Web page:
Proliferation of Laws Providing Employment Protections for M ❘ May 18, 2022

Proliferation of Laws Providing Employment Protections for Marijuana Users Complicate Businesses’ Efforts to Maintain Occupational and Public Safety


On the afternoon of Jan. 4, 1987, the crew of a Conrail locomotive traveling near Baltimore failed to re- spond to stop signals and hit an Am- trak train traveling fromWashington, D.C., to Boston. Fourteen passengers on the Amtrak train were killed. Post- accident testing revealed that both the Conrail locomotive engineer and brakeman had been using marijuana. This tragedy was part of the im- petus for U.S. Department of Trans- portation (DOT) regulations man- dating drug and alcohol testing for various categories of transportation employees. At the same time, for the vast ma- jority of workers holding safety sen- sitive positions throughout the Unit- ed States, these mandatory transpor- tation industry testing requirements are inapplicable. Whether employers of safety sensitive workers, outside of transportation industries, even have the right to test workers for mari- juana use or prohibit marijuana use altogether is a function of state, and occasionally local, laws. While Texas has no laws limiting employers’ rights to conduct mari-

juana testing or prohibit employees from using marijuana altogether, other states, such as New York and New Jersey, have recently enacted laws substantially tying the hands of employers—even in the case of rec- reational use—with respect to mari- juana use prohibitions and testing for positions not subject to DOT testing requirements. For Texas businesses operating in multiple states, the adoption of state laws limiting employer actions has complicated their efforts to assure their employees are not impaired by marijuana use. State Law Protections for Marijuana Use In March 2021, the New York Marijuana Regulation and Taxation Act became effective. This act not only legalized recreational canna- bis use but also prohibits employers from discriminating against work- ers for using cannabis outside of the workplace and outside of work hours. The New York Department of Labor then issued guidance in Oc- tober 2021 concluding that the act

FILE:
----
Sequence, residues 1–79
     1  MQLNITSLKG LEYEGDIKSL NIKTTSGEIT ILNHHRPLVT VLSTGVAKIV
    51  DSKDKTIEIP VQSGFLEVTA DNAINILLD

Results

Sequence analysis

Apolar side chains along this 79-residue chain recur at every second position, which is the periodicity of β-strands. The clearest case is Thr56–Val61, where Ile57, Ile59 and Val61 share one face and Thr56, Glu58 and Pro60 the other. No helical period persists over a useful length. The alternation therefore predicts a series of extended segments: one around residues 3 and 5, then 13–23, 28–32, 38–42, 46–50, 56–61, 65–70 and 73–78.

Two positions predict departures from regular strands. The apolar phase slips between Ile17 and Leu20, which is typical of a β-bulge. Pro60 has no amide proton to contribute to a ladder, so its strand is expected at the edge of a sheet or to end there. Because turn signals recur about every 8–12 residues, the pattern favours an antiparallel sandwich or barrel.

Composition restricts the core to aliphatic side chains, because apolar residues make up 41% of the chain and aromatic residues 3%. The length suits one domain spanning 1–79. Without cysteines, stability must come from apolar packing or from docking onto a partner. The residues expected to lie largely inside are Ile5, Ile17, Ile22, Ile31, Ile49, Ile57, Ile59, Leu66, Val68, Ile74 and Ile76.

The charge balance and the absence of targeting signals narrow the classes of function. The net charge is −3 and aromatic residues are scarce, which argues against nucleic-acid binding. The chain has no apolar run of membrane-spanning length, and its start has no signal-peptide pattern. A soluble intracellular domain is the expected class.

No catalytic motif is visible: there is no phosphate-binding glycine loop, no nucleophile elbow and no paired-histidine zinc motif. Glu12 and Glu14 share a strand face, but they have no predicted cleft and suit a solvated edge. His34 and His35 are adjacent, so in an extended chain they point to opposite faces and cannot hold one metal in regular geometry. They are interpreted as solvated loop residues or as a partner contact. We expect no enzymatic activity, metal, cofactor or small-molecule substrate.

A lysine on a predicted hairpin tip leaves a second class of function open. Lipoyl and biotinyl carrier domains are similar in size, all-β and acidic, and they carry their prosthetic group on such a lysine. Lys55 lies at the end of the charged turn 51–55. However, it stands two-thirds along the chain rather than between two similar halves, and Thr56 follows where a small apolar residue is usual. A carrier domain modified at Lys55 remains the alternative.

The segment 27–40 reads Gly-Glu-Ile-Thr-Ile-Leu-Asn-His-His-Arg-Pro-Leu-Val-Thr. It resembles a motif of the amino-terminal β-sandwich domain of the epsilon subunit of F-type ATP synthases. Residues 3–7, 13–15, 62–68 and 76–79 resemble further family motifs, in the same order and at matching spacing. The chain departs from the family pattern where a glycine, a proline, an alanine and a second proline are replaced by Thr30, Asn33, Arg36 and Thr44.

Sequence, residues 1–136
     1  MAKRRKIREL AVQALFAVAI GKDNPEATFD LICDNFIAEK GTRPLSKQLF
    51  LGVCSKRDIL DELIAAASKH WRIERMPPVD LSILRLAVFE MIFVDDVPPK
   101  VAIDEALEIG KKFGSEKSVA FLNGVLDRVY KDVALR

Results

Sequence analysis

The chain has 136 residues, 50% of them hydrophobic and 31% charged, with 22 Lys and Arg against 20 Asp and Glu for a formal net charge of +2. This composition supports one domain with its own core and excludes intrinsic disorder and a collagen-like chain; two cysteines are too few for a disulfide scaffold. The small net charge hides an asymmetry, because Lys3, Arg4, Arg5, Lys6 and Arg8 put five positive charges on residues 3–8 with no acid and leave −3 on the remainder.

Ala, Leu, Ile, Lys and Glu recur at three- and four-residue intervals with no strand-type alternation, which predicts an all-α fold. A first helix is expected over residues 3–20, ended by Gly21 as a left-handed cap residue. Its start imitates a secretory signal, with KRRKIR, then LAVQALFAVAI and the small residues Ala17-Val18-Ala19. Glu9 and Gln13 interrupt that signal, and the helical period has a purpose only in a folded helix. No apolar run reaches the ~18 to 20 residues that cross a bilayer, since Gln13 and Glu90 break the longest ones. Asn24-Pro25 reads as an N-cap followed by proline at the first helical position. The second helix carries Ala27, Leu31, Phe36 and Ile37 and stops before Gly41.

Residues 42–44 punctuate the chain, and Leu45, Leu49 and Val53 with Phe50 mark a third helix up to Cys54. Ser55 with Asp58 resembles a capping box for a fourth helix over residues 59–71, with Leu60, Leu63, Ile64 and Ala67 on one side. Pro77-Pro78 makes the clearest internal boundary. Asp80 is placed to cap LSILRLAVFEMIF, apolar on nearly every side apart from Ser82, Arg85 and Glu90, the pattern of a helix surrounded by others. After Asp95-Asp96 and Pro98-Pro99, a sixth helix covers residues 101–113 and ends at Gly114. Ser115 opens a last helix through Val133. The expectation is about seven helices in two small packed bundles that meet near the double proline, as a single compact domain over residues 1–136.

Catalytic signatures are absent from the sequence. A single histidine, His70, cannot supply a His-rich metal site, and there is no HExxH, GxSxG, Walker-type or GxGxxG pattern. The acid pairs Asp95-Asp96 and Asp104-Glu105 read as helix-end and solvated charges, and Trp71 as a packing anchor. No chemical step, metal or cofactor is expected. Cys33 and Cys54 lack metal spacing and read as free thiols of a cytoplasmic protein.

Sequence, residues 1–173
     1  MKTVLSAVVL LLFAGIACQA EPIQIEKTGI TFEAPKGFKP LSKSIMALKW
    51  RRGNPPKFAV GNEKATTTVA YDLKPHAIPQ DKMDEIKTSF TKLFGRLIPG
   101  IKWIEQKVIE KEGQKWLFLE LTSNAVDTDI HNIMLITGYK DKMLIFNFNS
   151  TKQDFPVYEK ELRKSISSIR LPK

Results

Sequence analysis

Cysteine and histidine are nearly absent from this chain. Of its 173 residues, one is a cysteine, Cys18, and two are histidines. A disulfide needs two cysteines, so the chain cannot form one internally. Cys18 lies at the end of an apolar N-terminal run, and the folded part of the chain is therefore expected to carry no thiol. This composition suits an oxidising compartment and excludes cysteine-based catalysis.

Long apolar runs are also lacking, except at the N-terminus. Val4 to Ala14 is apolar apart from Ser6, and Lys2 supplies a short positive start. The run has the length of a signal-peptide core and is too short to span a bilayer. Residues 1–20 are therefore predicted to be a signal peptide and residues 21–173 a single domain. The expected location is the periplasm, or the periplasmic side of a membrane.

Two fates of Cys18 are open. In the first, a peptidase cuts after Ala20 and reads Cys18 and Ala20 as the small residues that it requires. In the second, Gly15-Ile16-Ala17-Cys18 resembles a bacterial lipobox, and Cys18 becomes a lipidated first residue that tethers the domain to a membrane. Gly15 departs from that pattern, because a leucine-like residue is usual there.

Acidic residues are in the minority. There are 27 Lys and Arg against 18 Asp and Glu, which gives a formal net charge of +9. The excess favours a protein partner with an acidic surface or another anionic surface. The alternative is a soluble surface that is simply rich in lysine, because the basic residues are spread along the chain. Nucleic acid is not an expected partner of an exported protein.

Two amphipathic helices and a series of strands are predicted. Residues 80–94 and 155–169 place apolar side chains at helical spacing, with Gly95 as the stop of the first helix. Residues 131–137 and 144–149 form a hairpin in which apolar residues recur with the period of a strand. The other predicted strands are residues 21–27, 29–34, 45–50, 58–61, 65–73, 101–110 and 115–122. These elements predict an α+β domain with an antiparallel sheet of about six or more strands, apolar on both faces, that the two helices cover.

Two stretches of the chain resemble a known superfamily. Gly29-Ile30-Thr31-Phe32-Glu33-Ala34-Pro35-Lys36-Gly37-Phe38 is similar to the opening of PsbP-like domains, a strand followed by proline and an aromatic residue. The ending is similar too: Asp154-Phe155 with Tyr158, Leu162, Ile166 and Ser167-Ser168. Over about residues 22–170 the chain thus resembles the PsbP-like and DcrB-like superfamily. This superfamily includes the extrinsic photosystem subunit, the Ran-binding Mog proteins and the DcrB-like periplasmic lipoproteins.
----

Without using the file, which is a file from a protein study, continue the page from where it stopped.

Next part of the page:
Photo: J. Scott Applewhite/AP

effectively prohibits employers from testing for marijuana except when required by federal law, another New York law, or in the very limited circumstances where an employee, while on duty, exhibits “specific and articulable symptoms of cannabis impairment.” The rationale for concluding that marijuana testing is generally unlaw- ful in New York is that test results do not distinguish between whether Workmen survey the damage from the collision between an Amtrak passenger train and three Conrail diesel engines, in Chase, Maryland, on Jan. 4, 1987.

the use occurred on the job or off the job. Cannabis advocates argue that if off-the-job recreational use is permissible, then employment actions based on positive marijuana tests that may have been caused by use at any time in recent days, or even weeks, inherently discriminate against persons lawfully using mari- juana off the job. While the number of states pro- tecting employee use of recreational marijuana is currently small, there is no question that the number will grow. A much larger group of states protect employees from adverse employment action for off-duty medical cannabis use. Some of those states, like New Mexico, Oklahoma and Arkansas, with employment law protections for medical marijuana users also have broad exceptions to those protections for safety sensitive jobs. A variety of other states, how- ever, do not limit the employment protections for medical marijuana users with safety sensitive jobs. For instance, under Delaware’s Medi- cal Marijuana Act, employers may not discriminate against registered medical marijuana users who use the drug consistent with state law. Dela- ware has no broad exception that allows employers to require those individuals holding safety sensitive positions to refrain from off-duty marijuana use. Moreover, the creative argument by an employer’s attorney that the Delaware Medical Marijuana Act is preempted by the federal Con- trolled Substances Act in this context